- The Hulk gets frustrated while attacking the armor, and the stress triggers his transformation back into Bruce Banner! He is able to escape before the transformation occurs.
- The army finds Banner alone in the desert. Luckily, someone also spots the armor being operated elsewhere in the desert at the same time; General Ross had assumed that Banner was inside the armor and on a rampage or something.
- The armor is able to withstand nuclear blasts and the Hulk’s blows, so Bruce concludes that he will need to construct and even stronger armor to stop his newest creation. General Ross has no faith in Banner, and forbids it.
- …and that’s where the story ends. To be continued!
Is It Good?
Nope. The Giant-Man story was dumb and nauseatingly nationalistic in parts. I don’t understand why the Communists seem so focused on creating smart apes; didn’t the Red Ghost incident teach them anything? The Wasp’s willingness to be left out of the story felt strange, too — out of character, and it did no favors to the story.
Lee & Ditko’s Hulk story was not any better. I like the idea of a foe that the Hulk can’t overpower, but until the robot armor gets defined limitations, or the spy operating it develops a personality, it makes for a boring villain. I am intrigued by yet another change to what triggers Banner’s transformation into the Hulk, and I understand the need to figure out how and why the Hulk transforms back into Banner. But the idea of the Hulk getting angry and turning into Banner is at such odds with what has become a central concept for the character in modern times — the angrier Hulk gets, the stronger Hulk gets — that I am left confused as to how they thought that was ever a good idea. Ditko’s art wasn’t that good, either. Aside from a weird psychedelic panel toward the end, it looked very much in Marvel’s “house” style. Ditko does most of his detailed renderings while inking, which leaves the bulk of the details here (presumably) to George Roussos, whose inking tendencies lean toward a minimal addition of details. I like Ditko a lot, but this isn’t a great fit for his art.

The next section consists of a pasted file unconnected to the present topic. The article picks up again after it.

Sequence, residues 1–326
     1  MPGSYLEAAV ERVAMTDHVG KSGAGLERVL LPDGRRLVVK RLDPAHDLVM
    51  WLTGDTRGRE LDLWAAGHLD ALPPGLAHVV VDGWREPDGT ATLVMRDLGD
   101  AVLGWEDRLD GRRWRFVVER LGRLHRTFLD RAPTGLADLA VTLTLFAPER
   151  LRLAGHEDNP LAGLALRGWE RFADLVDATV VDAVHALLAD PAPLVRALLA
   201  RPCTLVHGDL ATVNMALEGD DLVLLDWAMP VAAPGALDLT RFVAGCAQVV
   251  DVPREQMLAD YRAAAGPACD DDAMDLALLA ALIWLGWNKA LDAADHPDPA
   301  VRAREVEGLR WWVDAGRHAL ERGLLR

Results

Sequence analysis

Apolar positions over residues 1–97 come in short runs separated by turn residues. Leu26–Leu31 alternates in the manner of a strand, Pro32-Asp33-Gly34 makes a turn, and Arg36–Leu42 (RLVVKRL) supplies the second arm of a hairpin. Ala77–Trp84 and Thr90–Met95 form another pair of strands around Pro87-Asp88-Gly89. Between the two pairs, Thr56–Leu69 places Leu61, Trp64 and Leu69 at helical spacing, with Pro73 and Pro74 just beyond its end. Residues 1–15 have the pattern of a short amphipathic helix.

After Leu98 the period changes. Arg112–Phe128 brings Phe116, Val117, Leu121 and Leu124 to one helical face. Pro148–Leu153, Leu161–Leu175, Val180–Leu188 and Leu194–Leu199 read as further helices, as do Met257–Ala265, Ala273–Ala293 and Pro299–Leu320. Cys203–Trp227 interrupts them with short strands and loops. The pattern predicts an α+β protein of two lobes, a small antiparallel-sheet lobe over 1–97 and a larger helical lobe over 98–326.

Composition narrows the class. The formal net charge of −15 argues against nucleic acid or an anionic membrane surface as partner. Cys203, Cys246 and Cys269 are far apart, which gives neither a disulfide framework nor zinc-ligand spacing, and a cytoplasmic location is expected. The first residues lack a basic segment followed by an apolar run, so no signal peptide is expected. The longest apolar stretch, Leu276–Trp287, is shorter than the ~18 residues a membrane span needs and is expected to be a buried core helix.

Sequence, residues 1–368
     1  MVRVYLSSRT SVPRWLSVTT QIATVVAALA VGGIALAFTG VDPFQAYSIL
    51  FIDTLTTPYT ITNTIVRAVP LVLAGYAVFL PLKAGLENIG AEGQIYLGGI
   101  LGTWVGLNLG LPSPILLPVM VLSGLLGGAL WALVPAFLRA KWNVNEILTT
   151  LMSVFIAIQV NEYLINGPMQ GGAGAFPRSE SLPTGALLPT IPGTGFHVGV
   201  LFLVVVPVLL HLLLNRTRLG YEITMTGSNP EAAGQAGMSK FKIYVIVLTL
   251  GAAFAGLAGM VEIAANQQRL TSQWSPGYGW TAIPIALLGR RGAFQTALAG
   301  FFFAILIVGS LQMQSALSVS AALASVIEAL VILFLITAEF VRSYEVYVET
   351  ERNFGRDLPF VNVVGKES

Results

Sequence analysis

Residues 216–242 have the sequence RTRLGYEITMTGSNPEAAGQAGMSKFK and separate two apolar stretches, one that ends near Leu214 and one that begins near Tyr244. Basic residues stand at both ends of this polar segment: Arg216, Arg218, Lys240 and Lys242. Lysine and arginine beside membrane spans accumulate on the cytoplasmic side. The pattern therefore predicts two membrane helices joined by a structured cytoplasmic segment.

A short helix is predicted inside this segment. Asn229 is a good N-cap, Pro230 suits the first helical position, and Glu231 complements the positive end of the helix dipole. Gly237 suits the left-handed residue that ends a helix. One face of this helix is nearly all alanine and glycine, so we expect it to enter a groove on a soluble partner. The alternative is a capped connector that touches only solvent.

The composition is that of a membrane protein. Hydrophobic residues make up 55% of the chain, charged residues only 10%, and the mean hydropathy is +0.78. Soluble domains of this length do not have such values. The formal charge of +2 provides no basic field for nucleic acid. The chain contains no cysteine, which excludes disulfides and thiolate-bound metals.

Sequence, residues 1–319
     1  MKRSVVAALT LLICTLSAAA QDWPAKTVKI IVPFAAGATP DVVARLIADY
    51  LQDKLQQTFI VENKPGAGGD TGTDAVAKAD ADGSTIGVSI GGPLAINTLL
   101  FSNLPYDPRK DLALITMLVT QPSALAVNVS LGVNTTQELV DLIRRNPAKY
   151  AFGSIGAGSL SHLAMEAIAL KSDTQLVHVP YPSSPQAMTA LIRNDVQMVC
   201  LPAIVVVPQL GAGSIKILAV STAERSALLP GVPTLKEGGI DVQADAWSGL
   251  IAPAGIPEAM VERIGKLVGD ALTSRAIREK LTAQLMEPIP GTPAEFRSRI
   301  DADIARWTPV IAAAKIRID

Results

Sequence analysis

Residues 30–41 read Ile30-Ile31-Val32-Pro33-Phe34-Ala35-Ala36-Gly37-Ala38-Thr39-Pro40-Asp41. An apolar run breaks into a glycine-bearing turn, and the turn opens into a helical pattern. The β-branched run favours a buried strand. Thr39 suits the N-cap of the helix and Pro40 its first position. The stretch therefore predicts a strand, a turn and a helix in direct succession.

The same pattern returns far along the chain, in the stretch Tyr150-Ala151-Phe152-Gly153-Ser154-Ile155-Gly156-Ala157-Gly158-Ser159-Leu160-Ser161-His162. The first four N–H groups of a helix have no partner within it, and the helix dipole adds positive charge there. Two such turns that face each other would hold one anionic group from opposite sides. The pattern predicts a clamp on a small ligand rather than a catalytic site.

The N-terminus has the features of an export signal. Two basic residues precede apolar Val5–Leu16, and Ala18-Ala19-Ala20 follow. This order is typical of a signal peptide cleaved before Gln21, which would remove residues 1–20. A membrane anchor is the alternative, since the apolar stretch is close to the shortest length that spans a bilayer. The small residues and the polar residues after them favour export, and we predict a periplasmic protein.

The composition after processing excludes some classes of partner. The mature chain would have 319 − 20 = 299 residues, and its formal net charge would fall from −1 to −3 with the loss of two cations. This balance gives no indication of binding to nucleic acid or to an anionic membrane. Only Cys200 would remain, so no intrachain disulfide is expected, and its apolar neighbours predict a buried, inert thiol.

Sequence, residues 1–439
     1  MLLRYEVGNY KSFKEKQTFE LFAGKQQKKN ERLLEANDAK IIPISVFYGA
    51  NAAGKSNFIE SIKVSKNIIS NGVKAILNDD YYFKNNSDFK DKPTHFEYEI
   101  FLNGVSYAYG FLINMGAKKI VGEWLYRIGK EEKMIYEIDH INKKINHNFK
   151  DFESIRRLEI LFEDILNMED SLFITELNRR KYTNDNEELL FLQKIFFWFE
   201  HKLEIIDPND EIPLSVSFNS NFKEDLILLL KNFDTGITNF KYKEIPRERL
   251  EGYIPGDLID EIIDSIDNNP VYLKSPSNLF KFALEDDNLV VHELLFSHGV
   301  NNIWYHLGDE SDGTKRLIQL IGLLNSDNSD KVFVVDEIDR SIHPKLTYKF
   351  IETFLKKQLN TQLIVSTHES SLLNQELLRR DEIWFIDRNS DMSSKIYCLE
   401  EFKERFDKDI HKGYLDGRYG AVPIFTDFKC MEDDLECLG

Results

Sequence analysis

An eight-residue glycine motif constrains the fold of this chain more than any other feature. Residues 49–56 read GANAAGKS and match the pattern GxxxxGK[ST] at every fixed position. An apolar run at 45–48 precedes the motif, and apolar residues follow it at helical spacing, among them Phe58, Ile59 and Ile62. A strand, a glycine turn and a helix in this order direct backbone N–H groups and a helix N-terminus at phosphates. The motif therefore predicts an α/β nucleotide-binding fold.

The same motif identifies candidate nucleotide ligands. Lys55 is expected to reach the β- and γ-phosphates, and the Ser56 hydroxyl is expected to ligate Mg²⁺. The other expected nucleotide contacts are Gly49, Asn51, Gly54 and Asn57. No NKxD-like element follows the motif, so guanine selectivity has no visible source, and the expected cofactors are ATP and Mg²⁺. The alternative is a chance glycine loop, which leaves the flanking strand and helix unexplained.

- This is the first issue of Tales to Astonish with a Hulk feature. The Hulk will be a featured character until this title changes into Incredible Hulk with issue #102.
- We have a new cover corner box, featuring the Hulk!